With Desorden Publico a musical institution and celebrating their 25th anniversary, I thought it was high time I connected with Chacin to learn more about the beginnings of the band, their influences and what it was like growing up in Caracas, Venezuela as a Rude Boy in the 80's! For the uninitiated, imagine if Madness or The Specials had emerged in Venezuela. And while the band emerged just as 2-Tone peaked, they had trouble imitating the 2-Tone sound too closely.  It just didn't work for musicians steeped in local Latin rhythms, culture and beats. The music of Desorden Publico has continued to evolve, thanks to near relentless playing and recording during the past two decades. The band has a dozen or so releases to their name and have had platinum sales, #1 and top 10 hits. They have tours that have taken them all over Latin America, North America and Europe.

Without further ado, I present José Luis "Caplís" Chacín:

What was it like growing up in Caracas, Venezuela in the early 80's?
It was great!  I was born in 1964 and it means that I really had the eighties as my very influential years. Thank God it wasn't the 70´s!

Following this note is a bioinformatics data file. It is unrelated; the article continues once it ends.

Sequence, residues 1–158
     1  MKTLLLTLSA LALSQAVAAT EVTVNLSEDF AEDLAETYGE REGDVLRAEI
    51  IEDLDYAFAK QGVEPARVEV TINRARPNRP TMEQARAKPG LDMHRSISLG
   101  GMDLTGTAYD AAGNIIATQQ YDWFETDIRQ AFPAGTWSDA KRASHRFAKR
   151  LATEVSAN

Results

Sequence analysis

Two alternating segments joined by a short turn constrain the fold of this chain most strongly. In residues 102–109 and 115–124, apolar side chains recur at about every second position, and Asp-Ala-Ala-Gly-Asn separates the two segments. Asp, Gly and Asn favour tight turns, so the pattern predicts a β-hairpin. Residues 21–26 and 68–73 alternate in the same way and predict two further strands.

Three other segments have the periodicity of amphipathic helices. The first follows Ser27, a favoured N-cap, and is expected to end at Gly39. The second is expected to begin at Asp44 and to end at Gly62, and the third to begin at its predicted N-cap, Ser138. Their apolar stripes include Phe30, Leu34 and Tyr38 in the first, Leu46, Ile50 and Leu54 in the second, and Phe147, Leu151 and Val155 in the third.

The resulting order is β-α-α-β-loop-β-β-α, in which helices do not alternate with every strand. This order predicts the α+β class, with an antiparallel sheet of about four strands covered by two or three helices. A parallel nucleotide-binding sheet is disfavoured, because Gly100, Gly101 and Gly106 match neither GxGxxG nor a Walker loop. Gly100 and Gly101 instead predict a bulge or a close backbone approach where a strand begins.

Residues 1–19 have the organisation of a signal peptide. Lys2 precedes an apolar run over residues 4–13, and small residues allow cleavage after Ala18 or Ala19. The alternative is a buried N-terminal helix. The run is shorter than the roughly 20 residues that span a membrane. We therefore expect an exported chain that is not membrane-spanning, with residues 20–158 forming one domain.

Finding music in Venezuela in the 80's wasn't an easy task, so we had to beg every friend, every father or mother or relatives, who were travelling outside, to buy the new releases, and when you buy 2 or 3 LP´s and try to transport them in a luggage it´s kind of a nightmare.

Well, the thing is that here in our country many good and bad things came as an avalanche: Heavy metal, Punk Rock, New Wave, Hard Core, New Cool, Post Punk, Ska, Reggae. And before becoming musicians we were DJ´s of our own Sound System called ASEO URBANO.  It was the only one in Caracas that specialized in New Wave, Punk and of course Ska, so we were the natural Sound System at the gigs of many new acts of the underground Punk scene of Caracas.

How did that experience effect you socially, politically and musically?
Being a teenager, here in Caracas in the 80´s was incredible. In a certain way Venezuela was for many years (in the decade of the 70´s) a country drunk on Petrodollars (money from the sales of oil), so we had an incredible “Bonanza” where the most of our government leaders were super corrupted.  But suddenly, a serious crisis brought a hard fall of the prices of oil and our economy began to feel the consequences of many years of bad guidance. So suddenly we started to know a different country with a cost of living that was more and more expensive every day.